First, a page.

Winter storm threatens to scramble Thanksgiving travel plans
MINNEAPOLIS (AP) — A day after bringing havoc to the Rocky Mountains, a powerful winter storm rolled across the Midwest on Wednesday, threatening to scramble Thanksgiving plans for millions of people during one of the busiest travel weeks of the year.
The storm, which was blamed for one death and hundreds of canceled flights, pushed east into South Dakota, Iowa, Michigan, Minnesota and Wisconsin. But the West was not free of heavy weather. A “bomb cyclone” phenomenon was expected to topple trees and knock out power in California and Oregon.
"It's one of those things, you couldn't make it up if you tried," National Weather Service meteorologist Brent Hewett said of back-to-back storms forming around the holiday.
The bomb cyclone — a system that brings a rapid drop in air pressure —brought snow to the mountains and wind and rain along the California and Oregon coasts. Snow and downed trees and power lines closed multiple roads in southern Oregon. Others were reduced to a single lane, the state Department of Transportation said.
The system could generate waves of up to 35 feet (11 meters), wind gusts of up to 75 mph (120 kph) and heavy snow in the mountains.
Meanwhile, parts of the Midwest expected more than a foot of wind-whipped snow. The one-two punch made travel difficult or impossible in some places. Even those who left early were confronted with icy and snow-covered roads.
By mid-morning, Dell Rapids had already received 6 inches of snow. Many areas around Sioux Falls had about 4 inches, the National Weather Service said.
Stranded travelers took shelter at hotels. In Minnesota, officials warned drivers to stay off the roads at least until the winds died down.
Children from South Dakota to Wisconsin got an early start on their holiday weekend, waking up to the news that dozens of school districts canceled classes. The University of Minnesota campus in the Twin Cities also called off classes starting late Tuesday.
The storm could dump 6 inches (15 centimeters) of snow in central and southern Minnesota. Some areas could see a foot (30.5 centimeters) or more, Hewett said.
In neighboring Wisconsin, as much as 20 inches (51 centimeters) was possible in the far northern reaches of the state.
At the Minneapolis airport, Delta Air Lines prepared by filling de-icing tanks, calling in extra flight dispatchers and assigning some of its 20 in-house meteorologists to focus on the Minneapolis forecast.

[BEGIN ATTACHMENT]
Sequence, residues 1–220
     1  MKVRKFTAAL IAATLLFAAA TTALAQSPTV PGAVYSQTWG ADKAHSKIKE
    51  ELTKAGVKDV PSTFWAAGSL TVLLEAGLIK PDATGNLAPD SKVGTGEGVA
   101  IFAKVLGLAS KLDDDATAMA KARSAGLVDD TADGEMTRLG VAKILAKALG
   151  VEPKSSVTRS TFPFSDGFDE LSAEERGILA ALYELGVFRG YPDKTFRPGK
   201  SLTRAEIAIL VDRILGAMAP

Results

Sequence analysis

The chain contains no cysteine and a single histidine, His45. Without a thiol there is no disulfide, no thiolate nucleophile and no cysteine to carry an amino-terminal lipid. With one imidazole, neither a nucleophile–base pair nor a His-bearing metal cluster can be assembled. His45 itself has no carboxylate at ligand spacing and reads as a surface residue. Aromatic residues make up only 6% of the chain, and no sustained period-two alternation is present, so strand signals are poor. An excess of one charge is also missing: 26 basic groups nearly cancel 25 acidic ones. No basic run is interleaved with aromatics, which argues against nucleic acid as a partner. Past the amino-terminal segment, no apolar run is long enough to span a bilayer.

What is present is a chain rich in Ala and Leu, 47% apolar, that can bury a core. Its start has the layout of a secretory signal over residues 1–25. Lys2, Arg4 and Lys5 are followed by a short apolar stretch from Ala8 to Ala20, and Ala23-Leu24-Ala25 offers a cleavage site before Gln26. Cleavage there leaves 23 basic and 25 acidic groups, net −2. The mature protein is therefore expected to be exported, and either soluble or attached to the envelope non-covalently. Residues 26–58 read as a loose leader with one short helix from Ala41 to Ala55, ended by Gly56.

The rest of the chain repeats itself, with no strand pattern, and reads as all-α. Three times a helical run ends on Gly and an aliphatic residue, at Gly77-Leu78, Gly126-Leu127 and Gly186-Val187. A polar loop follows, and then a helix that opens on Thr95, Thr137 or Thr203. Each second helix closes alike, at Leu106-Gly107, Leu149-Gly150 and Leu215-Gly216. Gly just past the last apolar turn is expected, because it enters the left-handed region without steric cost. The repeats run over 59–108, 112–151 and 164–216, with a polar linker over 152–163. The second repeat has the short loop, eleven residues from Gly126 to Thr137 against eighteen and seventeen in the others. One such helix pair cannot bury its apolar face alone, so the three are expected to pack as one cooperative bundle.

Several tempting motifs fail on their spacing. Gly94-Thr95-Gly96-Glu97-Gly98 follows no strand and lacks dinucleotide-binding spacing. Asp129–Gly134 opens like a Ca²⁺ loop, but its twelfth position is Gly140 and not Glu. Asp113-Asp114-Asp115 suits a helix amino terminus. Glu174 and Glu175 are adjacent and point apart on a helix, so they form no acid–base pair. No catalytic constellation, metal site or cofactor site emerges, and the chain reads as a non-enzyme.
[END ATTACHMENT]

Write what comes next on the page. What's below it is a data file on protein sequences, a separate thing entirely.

To the south, in the Milwaukee area, where the temperature climbed to 50 degrees (10 degrees Celsius), the storm brought rain and winds up to 35 mph (56 kph). Forecasters said another storm could arrive this weekend, just as people are returning from Thanksgiving.
On Tuesday, weather-related damage was widespread. Authorities on both sides of the California-Oregon border reported numerous vehicle crashes and closed roads.
At Denver’s main airport, about 10 inches (25 centimeters) of snow mixed with winds that limited visibility and canceled about 30% of the airport’s 1,600 average daily flights.
Southwest Airlines canceled about 200 flights. Spokesman Brad Hawkins said it would take a couple of days to rebook stranded passengers on other flights because there are few empty seats during the pre-Thanksgiving travel crush.
About 1,100 people spent the night at the airport, including many cadets from the Air Force Academy near Colorado Springs who either missed flights or wanted to get to the airport before road conditions deteriorated, airport spokeswoman Alex Renteria said.
Airport workers handed out blankets, diapers, baby formula, toothbrushes and toothpaste to passengers who camped out on floors and in chairs.
The storm dumped nearly 3 feet (1 meter) of snow in parts of northern Colorado and closed long stretches of highways there and in Wyoming. One person was killed, when a tractor-trailer jackknifed and was hit by two other trucks on Interstate 70 near the ski town of Vail.
Before it’s over, the storm’s effects could extend to New England, where a chance of snow was possible over the weekend, said Alex Lamers, a National Weather Service meteorologist.
“That could be a coast-to-coast storm,” he said.
In New York, the system could mean disappointment for fans of the larger-than-life balloons flown at Macy’s Thanksgiving Day Parade.
Organizers prepared for the possibility of grounding the iconic balloon characters because of 40 to 50 mph (64 to 81 kph) wind gusts in the forecast. Rules adopted after several people were injured by a balloon years ago require the balloons to be flown lower or not at all if sustained winds exceed 23 mph (37 kph) and gusts exceed 34 mph (54 kph). The decision will be made on parade day.
Slevin reported from Denver. Koenig reported from Dallas. Associated Press writers Thomas Peipert in Denver, Bob Moen in Cheyenne, Wyoming, Olga R. Rodriguez in San Francisco, Gillian Flaccus in Portland, Oregon, Scott Sonner in Reno, Nevada, and Paul Davenport in Phoenix contributed to this report.